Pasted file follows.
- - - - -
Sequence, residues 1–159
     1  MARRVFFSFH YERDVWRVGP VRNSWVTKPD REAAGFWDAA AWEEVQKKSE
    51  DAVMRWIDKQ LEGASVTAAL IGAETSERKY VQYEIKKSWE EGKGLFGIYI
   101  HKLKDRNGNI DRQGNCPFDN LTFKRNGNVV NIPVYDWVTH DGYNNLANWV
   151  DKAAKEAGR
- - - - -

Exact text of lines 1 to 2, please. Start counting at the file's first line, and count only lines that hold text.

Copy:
Sequence, residues 1–159
     1  MARRVFFSFH YERDVWRVGP VRNSWVTKPD REAAGFWDAA AWEEVQKKSE